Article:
It’s not worth  answering because the sender has just sent out a generic email to a heap of blogs – without even doing the most basic research – which is to find out the bloggers’s name. Another unfortunate aspect of this pitch is that three out of four sentences start with the word I.

Another guest post pitch I got was addressed like this:

Dear Ali,

That was the name of the author of the guest poster whose post was up on WTD at the time. This told me that this blogger didn’t bother to read the About page to find out whom to address.

Let’s take a look at another pitch:


My name is Sam M…,  chief writer/editor for …com. I’d love nothing more than to share some of my opinions and thoughts with the readers of your blog.

If you have any guest author guidelines, don’t hesitate to send those along in the meantime.

I look forward to hearing back from you, and hopefully we can figure out a way to work together!



What do you think about this pitch?

A good question to ask is: who benefits? In Sam’s pitch, there is no sense of being in service to the readers of the blog he wants to write for. He’s keen to trumpet his opinions – but what about the readers? How would they benefit?

I’m also unhappy  about the phrase, hopefully we can figure out a way to work together. I wouldn’t consider working together with someone who sends me a pitch out of the blue. A word that comes to my mind when reading Sam’s pitch is: opinionated.

What about this pitch:

Hey Mary,

I’ve been a big fan of yours for a while now. LOVE your content. So good.

I wrote a post the other day called “Instant Flow: How to Train Your Mind to Think Creatively”…and it occurred to me that it would be a great fit for your audience. I know a lot of writers struggle with writer block and I think your readers would get a lot out of it.

To get an idea of my writing style, you can check out my recent post over at Illuminated Mind here.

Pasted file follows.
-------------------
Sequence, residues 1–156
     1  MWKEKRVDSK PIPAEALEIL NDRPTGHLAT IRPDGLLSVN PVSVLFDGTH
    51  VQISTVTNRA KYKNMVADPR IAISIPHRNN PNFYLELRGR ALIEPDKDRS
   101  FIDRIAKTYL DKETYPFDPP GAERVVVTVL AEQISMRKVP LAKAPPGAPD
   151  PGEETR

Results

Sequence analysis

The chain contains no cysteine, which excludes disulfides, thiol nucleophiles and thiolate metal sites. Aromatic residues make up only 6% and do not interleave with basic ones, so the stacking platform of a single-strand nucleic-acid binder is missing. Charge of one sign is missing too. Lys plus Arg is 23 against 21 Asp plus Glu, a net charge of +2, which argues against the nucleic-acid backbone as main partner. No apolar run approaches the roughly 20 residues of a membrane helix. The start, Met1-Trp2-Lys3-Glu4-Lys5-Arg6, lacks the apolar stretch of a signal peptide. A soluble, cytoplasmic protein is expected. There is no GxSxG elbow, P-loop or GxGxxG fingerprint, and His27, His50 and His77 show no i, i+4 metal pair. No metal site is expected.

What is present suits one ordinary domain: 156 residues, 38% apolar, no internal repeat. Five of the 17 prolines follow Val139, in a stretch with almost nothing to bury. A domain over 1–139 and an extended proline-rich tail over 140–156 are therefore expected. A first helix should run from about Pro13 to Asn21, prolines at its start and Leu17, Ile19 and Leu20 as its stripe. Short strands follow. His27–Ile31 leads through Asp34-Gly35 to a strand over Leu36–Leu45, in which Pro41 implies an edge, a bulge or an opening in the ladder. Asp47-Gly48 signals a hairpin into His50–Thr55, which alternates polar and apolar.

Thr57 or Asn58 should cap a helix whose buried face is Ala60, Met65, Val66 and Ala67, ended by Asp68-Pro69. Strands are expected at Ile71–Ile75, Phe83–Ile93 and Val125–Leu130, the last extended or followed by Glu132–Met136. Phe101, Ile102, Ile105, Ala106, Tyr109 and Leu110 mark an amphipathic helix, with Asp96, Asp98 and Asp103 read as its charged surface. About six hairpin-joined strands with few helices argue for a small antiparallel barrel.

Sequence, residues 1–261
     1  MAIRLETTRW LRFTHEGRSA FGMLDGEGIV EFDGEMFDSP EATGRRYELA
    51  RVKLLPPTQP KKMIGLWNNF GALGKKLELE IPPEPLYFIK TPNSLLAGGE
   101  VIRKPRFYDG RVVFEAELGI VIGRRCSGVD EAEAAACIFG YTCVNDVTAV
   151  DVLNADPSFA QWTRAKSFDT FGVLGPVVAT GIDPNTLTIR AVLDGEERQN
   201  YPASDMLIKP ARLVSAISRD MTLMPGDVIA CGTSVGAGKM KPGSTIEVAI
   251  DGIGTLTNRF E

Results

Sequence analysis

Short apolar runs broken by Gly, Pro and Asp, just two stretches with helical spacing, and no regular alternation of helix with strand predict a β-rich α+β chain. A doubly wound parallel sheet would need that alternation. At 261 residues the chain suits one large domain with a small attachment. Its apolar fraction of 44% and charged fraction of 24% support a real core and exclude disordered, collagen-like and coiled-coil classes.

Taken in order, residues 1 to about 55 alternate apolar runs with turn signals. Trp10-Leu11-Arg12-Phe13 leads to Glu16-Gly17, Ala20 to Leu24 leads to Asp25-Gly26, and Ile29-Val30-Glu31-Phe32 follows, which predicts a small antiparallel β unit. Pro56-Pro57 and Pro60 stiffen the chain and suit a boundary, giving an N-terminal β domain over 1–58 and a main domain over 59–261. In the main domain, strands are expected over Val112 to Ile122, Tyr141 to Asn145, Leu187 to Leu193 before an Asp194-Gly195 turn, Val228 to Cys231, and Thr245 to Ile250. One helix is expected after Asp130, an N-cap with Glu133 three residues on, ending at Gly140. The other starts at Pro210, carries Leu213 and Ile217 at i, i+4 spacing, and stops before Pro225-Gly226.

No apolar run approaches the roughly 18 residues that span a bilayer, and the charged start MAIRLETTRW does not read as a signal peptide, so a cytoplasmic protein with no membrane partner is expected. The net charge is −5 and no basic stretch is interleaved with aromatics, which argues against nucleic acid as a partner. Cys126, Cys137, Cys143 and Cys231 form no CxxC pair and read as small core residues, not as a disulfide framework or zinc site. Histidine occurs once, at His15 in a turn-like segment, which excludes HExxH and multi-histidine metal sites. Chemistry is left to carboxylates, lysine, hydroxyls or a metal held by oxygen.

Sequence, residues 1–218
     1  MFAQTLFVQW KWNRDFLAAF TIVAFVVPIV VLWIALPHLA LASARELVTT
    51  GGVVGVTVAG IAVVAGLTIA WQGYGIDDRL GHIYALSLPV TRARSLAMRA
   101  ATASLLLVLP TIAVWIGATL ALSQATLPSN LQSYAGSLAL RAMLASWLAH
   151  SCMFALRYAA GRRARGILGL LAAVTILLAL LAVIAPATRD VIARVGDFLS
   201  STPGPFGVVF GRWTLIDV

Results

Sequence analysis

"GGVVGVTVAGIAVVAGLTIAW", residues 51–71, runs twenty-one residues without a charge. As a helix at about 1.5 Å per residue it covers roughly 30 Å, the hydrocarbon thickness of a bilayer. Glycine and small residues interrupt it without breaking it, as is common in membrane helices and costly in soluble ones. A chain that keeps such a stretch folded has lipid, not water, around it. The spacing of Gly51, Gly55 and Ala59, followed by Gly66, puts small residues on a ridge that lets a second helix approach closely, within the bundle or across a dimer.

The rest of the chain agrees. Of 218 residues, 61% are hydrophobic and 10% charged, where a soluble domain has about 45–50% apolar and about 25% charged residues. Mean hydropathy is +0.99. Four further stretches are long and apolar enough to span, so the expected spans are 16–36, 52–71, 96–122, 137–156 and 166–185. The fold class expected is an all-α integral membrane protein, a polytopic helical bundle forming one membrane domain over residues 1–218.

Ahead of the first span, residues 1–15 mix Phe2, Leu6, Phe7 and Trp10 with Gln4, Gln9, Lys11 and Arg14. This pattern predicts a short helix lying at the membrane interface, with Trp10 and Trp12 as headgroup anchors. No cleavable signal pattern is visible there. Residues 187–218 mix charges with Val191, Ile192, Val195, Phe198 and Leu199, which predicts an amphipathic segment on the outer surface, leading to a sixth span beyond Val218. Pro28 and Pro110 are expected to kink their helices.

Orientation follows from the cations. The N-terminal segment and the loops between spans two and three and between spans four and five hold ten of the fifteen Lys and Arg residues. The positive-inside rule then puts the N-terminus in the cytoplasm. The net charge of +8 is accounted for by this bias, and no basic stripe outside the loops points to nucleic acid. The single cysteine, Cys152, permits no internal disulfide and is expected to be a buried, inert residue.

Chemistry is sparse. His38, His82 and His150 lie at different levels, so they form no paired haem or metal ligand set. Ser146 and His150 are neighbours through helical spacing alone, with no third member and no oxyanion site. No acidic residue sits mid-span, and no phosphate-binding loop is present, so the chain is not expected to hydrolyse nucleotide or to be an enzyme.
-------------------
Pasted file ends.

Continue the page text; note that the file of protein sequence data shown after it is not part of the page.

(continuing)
What do you think? Should I send it over?

Thanks and I look forward to hearing from you,


What do you think? Would you take this further?

I liked the pitch and Logan got his guest post. The only thing he could have improved is to say that the post he’s proposing is unpublished. That’s a very important point!

Here’s another pitch:

Hi Mary,

I just want to thank you for your wonderful blog. I keep coming back to it for writing inspiration. It’s a tough job to keep a blog going and I truly appreciate it.
I have written a blog post about seven resources to take your writing to the next level that I think would fit nicely on WTD. I have attached it here for your consideration.
Please let me know your thoughts.

What do you think about Tabita’s pitch? What was good, and what could she improve?

I had a look at Tabita’s guest post and it was well written and informative. I accepted her guest post. The tone of her pitch is lovely. I would have liked to know a bit more about her. Just one sentence would have been enough. And I would have liked to see a couple of links to her best posts.

As you can see, the good pitches showed most of the features listed above.

If you want to write a guest post for WritetoDone, please check out our Guest Posting Guidelines.

What do you think of the pitches above? Please share in the comments below.


About the author:

Mary Jaksch is Editor-in-Chief at Write to Done. Grab her FREE report How to Write Like an A-List Blogger. Mary has helped thousands of students successfully create outstanding and profitable blogs at  A-List Blogging and is the blogger behind Goodlife ZEN.


About the author

Mary Jaksch

Mary Jaksch is best known for her exceptional training for writers at and for her cutting-edge book, Youthful Aging Secrets. In her “spare” time, Mary is also the brains behind, a Zen Master, a mother, and a 5th Degree Black Belt.